Wednesday, April 12, 2006


As you see, Bethlehem's traditions were quite different from everyone else's. For a start, embroidery was a profession, not a domestic skill, and the Bethlehem embroiderers were known for their unique decorative style, which involved couched outlines, often with silver and gold threads, filled in with satin stitch. (In case you don't know, couching is a surface embroidery technique: instead of using backstitch or chain stitch to outline patterns, one thread is laid on the fabric, and then stitched down with another, finer, thread to create long, unbroken lines.) The women of Bethlehem also favoured brightly striped Syrian silk, as well as locally woven cotton.

This qabbeh (chest panel) reminds me of Persian flower garden rugs, and Elizabethan knot gardens, with groups of herbs and flowers framed by low hedges and gravel paths.
Worked on velvet, it is typical of the Bethlehem style.

Notice also the scarlet velvet taqsireh (wedding jacket). I believe that wearing a jacket was also unique to Bethlehem. Men and women had fairly plain ones for everyday wear, but wedding jackets were sumptuous, as you can see. The jacket sleeves are mid-length, to accommodate the long wide sleeves of the thob, which probably has embroidered silk panels along the shoulders.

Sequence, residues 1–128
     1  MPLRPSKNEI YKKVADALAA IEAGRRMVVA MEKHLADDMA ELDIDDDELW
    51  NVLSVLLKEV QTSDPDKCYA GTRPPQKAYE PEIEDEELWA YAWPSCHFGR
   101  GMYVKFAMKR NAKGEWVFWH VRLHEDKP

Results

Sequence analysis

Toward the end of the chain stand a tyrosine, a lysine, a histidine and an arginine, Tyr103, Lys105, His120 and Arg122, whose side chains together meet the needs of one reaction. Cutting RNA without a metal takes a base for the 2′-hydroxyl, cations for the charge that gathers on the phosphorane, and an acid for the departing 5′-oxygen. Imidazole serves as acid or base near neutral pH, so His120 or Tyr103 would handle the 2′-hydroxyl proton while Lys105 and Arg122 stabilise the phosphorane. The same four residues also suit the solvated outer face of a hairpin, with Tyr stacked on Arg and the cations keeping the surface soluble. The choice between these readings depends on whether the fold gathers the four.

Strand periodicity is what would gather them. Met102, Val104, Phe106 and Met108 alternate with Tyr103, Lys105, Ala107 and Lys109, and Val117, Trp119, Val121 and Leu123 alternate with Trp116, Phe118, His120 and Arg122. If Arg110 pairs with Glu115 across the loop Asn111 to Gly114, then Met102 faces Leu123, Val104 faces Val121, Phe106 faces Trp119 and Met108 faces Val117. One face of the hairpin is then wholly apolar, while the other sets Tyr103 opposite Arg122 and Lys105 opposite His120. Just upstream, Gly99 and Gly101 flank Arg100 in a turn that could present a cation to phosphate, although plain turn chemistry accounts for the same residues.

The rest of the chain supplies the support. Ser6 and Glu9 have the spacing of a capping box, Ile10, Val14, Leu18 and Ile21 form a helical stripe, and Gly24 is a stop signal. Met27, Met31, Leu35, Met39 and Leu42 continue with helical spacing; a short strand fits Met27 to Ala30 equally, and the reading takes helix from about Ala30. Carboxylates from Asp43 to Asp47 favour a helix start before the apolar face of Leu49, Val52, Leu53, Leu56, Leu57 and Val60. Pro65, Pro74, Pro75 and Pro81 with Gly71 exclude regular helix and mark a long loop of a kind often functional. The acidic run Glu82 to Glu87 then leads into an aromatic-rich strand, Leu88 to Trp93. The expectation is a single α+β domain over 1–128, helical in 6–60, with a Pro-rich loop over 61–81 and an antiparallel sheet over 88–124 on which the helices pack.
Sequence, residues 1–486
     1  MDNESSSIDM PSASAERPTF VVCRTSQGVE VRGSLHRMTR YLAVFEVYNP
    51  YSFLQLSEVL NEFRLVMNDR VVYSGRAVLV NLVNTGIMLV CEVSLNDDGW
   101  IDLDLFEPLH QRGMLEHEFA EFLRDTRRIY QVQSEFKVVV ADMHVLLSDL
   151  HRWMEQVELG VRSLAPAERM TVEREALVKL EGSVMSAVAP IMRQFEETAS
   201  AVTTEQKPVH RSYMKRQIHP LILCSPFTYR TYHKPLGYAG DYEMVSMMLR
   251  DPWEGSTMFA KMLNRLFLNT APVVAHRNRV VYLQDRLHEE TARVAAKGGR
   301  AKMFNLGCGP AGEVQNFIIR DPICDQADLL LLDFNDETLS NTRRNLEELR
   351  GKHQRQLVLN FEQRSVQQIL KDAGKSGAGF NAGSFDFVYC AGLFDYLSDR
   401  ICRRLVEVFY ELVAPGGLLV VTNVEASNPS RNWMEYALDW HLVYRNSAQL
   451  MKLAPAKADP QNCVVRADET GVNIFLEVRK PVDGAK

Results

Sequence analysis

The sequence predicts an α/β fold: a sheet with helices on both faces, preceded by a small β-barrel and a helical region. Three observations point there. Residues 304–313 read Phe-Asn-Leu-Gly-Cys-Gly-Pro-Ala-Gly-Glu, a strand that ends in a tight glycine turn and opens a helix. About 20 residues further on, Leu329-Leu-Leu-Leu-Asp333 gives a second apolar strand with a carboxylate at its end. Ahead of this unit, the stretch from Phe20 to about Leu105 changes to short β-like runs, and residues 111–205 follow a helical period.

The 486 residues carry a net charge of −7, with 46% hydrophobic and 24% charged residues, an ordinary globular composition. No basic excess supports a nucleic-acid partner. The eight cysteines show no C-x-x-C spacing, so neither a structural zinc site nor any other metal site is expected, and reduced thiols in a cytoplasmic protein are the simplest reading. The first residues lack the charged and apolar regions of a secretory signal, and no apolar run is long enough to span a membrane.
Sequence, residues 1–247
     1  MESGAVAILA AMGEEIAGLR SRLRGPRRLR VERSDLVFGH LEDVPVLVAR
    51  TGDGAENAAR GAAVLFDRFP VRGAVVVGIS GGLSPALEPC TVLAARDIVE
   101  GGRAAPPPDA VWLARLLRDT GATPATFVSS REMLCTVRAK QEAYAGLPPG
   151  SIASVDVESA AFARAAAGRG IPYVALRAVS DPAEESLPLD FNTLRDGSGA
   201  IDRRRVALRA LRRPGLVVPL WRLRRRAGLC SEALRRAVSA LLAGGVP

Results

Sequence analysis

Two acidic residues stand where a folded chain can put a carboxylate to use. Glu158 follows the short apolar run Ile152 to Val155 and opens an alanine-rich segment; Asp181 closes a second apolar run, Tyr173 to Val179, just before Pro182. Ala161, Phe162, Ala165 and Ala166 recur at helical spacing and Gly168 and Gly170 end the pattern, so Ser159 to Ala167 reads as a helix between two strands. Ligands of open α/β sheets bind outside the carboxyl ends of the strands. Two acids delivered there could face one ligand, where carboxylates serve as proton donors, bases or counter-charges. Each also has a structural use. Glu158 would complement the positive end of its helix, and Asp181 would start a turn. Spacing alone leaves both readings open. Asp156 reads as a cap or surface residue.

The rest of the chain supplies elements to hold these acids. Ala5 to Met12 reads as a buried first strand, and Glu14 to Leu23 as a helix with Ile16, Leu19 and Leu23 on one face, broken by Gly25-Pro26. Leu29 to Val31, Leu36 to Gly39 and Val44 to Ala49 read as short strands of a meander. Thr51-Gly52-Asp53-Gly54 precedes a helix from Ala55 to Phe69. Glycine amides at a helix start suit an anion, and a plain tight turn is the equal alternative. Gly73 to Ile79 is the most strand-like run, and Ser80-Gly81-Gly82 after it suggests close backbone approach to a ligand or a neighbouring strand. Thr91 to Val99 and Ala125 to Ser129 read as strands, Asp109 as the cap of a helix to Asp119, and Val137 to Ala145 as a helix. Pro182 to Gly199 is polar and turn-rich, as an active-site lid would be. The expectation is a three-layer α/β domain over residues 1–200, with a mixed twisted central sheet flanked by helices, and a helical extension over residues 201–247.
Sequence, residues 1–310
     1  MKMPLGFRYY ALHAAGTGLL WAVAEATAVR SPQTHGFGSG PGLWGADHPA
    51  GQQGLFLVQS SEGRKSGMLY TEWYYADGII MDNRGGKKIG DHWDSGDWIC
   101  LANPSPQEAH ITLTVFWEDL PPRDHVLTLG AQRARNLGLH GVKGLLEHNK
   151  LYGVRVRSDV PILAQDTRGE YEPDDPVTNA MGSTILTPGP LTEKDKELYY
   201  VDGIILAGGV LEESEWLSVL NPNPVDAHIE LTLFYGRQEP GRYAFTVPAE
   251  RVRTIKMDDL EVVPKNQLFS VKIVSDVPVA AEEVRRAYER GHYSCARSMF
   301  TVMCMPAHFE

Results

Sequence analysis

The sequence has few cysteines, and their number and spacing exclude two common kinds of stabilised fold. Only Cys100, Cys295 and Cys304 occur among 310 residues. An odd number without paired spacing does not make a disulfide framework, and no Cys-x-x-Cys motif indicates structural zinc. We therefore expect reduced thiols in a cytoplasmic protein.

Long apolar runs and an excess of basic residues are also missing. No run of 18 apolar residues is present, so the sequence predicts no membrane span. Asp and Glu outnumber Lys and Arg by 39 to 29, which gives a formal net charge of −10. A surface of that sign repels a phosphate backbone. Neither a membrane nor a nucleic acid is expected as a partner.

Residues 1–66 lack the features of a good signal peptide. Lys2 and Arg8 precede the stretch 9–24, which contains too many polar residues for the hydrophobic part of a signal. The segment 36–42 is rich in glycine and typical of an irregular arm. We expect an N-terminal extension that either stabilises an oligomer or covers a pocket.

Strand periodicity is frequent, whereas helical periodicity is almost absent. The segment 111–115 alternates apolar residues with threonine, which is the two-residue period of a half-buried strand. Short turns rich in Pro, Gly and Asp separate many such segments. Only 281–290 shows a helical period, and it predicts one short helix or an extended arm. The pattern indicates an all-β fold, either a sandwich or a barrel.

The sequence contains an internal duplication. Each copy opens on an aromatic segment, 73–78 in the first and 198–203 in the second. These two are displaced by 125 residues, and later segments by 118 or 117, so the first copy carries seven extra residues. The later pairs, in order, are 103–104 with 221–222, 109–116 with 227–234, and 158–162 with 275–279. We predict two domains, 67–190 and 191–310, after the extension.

Note the rich and delicate embroidery on the striped silk skirt - see the tiny bird? - all worked without a pattern.

Try and imagine these much-faded taqsirehs in their original purple and scarlet. I dry clothes indoors most of the year, because the sun here absolutely destroys fabric - favourite shirts fade and turn crispy in an afternoon unless you have a canopy overhead.

Notice too the tall hats decorated with rows and rows of coins: these were for everyday too, not just special occasions. Jehan Rajab comments that Bethlehem women did not carry groceries on their heads as women from other areas did!

Nowadays I don't think twice when I see older local ladies carrying packages this way (The younger ones prefer branded designer carrier bags and someone to carry them out to the shiny wheels..... It's true!) - or paper grocery sacks in American films - but both seemed strange at first, because in England we had carrier bags! But, it makes perfect sense to carry the day's fresh vegetables in a wide woven basket (sunshade?!) on your head; and there's no need for handles for a car-culture weekly/monthly shopping expedition, but carrier bags with handles are a must for shopping two or three times a week at the local shops. What's your local style?

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